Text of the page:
Classic Roast Turkey Recipe

The most basic of turkey recipes.

If you start with a quality bird, this is all you need to do. No brining, flipping or basting. But feel free to fancy it up. Change the herbs in the cavity, add a sage rub to the skin; just keep the basic technique the same and it’ll be a juicy, delicious bird.

Serves: 8-10 (with leftovers)
Prep time: 15 min.
Cook time: 2 hrs. in the oven and 30 minutes resting

Ingredients

12-14 pound fresh turkey
Salt
Pepper
1 lemon, quartered
2 onions peeled and quartered
2 carrots peeled and roughly chopped
3 celery stalks, roughly chopped
1 large bunch parsley (or a combination fresh thyme, sage and parsley)
Olive oil

1. Preheat the oven to 425 degrees.

2. Remove all the innards, saving the neck. Toss everything else, unless you have some special family recipe involving gizzards and livers. Rinse the turkey inside and out and pat dry.

3. Place turkey in a sturdy roasting pan on a rack. Salt and pepper the cavity, then squeeze two quarters of the lemon inside. Add the lemon, parsley and one onion to the cavity. Squeeze remaining lemon over the outside of the bird, rub with olive oil and liberally salt and pepper.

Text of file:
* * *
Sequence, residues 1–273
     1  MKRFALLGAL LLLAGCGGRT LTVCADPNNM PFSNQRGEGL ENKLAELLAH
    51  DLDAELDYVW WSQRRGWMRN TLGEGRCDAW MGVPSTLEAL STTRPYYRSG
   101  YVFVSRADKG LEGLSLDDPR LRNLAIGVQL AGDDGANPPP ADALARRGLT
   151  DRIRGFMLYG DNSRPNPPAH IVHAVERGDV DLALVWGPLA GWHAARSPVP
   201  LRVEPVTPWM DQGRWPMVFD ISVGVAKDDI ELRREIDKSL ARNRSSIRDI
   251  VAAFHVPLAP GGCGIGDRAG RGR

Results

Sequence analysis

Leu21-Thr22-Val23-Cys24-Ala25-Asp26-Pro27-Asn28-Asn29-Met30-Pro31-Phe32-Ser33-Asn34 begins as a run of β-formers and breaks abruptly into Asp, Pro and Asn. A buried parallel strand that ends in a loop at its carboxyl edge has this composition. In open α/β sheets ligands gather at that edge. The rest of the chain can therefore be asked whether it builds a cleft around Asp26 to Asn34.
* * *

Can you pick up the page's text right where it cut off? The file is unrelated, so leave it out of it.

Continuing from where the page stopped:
4. Put the turkey neck, carrots, celery and remaining onion around the bird. Add 1 cup of water to the pan (to keep everything moist).

5. Roast uncovered for about 45 minutes. The turkey should be nicely browned. Turn the heat down to 350 degrees and lightly cover the breast with foil. This tent keeps the breast from drying out. Cook for 1 hour and 15 minutes more and then check. The internal temperature of the thigh should be 170 degrees (it will rise to 180 degrees as it rests).

6. Carefully remove turkey from roasting pan and let rest for 30 minutes. Strain the pan drippings and toss the veggies and neck. Use the drippings to make the gravy.

Cook’s notes: This is an unstuffed bird, which equals juicy meat. If you stuff a turkey, you have to cook it at least 30 minutes longer and the breast ends up dry. For families that love their dressing and dark meat, it may be a worthwhile trade off. But if you’re a white meat lover, make the dressing separately.